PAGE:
After the Hack: How to Secure Your Microsoft Windows Computer Now

NSA headquarters in Fort Meade, MarylandSaul Loeb / AFP / Getty Images

Over the past few months, a secretive hacking group calling itself the Shadow Brokers has engaged the National Security Agency in a game of cat-and-mouse by hacking NSA systems and releasing the organization’s sensitive data. On Friday, the Shadow Brokers put out their most damaging leak so far: a collection of software and hacking tools that the NSA uses to break into Microsoft computer systems.

The leak also comes paired with evidence that the NSA was successfully tapped into EastNets, a company in Dubai that facilitates a system called SWIFT, which is used to move money between financial institutions. If the evidence is genuine, it means the NSA penetrated the fundamental banking structure of the Middle East, where it could keep eyes planted on how the region’s money flows around the world. (EastNet denies that it was hacked.)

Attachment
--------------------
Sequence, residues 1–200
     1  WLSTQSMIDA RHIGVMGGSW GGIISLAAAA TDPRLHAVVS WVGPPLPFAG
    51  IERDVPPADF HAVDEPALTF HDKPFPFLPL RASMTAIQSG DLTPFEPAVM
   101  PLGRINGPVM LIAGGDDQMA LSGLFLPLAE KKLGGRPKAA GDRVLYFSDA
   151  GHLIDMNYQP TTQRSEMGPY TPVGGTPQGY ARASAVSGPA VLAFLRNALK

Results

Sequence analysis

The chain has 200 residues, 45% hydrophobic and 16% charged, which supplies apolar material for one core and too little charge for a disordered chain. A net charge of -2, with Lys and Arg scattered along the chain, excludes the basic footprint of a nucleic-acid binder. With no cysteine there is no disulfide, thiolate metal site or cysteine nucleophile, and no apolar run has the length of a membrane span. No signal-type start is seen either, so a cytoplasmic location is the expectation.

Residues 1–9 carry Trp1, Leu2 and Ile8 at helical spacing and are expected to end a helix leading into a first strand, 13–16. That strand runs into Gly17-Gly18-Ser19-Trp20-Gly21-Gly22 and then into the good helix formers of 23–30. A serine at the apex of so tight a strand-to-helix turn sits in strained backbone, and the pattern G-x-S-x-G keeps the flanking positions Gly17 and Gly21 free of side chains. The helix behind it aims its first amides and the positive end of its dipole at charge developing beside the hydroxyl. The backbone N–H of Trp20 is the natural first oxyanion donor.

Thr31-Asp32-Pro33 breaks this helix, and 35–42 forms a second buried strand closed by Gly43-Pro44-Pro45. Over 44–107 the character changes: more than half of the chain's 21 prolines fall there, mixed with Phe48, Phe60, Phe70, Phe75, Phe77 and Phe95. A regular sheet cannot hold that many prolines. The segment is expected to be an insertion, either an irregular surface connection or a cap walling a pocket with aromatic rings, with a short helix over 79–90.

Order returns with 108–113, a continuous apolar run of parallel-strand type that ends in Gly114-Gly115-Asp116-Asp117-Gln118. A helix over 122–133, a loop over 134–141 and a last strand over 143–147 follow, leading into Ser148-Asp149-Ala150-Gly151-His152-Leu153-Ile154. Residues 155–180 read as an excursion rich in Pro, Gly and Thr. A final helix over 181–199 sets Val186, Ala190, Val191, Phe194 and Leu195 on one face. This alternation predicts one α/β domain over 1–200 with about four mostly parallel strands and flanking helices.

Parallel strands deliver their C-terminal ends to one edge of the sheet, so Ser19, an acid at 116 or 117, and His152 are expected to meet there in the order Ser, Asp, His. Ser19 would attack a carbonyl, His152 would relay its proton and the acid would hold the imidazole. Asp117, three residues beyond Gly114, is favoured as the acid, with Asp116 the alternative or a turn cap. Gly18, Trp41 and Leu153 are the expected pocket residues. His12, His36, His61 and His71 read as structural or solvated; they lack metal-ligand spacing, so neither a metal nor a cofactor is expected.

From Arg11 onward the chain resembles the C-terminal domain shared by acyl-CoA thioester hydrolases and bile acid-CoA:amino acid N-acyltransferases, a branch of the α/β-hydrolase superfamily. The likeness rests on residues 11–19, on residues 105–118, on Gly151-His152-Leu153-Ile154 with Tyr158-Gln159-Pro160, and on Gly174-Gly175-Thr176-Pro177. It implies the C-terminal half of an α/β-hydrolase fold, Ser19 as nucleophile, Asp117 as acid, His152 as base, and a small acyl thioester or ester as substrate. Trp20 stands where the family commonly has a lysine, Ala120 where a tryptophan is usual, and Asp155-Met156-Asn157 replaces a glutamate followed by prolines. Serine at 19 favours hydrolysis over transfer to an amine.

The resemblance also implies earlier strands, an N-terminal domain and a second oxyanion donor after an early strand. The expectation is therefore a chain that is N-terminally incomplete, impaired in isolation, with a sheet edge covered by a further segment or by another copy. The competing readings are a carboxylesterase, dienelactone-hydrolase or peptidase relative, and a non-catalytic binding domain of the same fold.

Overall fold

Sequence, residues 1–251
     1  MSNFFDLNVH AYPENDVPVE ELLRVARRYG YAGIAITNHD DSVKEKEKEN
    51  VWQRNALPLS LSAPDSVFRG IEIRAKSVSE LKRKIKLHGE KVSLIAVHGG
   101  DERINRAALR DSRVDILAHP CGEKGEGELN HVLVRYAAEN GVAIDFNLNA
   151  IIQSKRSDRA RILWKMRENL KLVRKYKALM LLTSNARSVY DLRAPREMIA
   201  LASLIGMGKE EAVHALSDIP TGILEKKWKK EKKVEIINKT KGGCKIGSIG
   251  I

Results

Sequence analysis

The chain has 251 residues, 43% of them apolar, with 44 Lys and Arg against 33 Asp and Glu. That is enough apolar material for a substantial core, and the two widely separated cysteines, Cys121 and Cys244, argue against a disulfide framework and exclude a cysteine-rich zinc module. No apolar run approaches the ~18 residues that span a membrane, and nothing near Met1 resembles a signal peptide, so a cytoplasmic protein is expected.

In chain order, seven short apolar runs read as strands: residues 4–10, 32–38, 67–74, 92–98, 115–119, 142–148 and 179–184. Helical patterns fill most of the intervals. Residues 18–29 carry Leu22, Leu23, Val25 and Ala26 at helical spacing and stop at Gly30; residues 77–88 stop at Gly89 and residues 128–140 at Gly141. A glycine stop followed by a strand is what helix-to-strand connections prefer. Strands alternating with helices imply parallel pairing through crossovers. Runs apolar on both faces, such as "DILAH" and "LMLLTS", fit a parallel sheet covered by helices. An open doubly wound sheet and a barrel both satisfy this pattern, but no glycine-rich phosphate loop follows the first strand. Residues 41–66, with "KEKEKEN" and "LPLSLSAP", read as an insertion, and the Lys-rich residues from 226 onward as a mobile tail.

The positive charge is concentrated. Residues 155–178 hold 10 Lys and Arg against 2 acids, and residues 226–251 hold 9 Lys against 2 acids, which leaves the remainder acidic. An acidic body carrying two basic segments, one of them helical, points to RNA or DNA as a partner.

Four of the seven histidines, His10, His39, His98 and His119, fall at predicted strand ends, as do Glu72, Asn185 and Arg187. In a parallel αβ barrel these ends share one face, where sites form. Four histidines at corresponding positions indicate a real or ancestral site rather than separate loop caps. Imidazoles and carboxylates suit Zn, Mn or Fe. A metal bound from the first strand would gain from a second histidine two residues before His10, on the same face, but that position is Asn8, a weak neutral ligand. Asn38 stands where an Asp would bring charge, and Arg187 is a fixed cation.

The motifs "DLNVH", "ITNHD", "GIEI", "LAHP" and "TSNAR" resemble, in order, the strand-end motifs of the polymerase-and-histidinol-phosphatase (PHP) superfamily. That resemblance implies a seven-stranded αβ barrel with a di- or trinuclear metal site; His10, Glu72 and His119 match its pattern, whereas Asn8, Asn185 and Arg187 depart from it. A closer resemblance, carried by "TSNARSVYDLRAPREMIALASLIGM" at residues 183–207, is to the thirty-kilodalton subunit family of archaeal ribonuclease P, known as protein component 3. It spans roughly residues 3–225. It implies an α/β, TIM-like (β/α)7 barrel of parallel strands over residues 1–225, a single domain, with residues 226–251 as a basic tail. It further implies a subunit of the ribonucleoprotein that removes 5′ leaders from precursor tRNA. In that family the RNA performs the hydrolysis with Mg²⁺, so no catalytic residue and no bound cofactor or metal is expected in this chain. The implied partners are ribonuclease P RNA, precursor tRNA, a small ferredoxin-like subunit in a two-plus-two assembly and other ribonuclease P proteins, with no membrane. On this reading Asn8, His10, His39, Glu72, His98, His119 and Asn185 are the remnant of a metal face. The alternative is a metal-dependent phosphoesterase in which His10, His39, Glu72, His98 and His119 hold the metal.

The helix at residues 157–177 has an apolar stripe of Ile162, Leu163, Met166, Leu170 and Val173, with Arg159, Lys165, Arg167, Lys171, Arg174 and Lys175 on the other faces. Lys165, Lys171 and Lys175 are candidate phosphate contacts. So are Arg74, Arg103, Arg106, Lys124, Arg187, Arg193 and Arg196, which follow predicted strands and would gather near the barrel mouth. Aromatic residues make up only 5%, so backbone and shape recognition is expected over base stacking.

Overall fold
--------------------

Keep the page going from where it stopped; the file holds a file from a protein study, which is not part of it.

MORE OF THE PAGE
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Microsoft responded to the leak as the explosive security threat that it was, immediately patching the vulnerabilities that the hacking tools relied on in order to work. There are an awful lot of Microsoft-based computing systems on the planet, managing everything from an individual’s work and personal life to the large-scale business functions of multinational corporations. When the Shadow Brokers released these hacking tools, the leak presented itself as a key that could open most doors on the internet. It was a free toolkit for cybercrime available to anyone who wanted it, but it was quickly made obsolete.

If you’ve recently updated your Windows computer with the latest patches from Microsoft, then you can count yourself safe from any potential fallout here. On a personal level at least, your digital life is back to the same level of security as it was before the leak.


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There are two takeaways of note from this news. First is that the NSA withheld from Microsoft that it had discovered exploitable flaws in its software, then used those holes to develop spying tools. But as the NSA is actively engaged in domestic spying, this should come as little surprise. The second takeaway is that your privacy and security online ought to be treated as paramount. Check out our guide to privacy-protection apps that can help you more accurately reevaluate your safety online.

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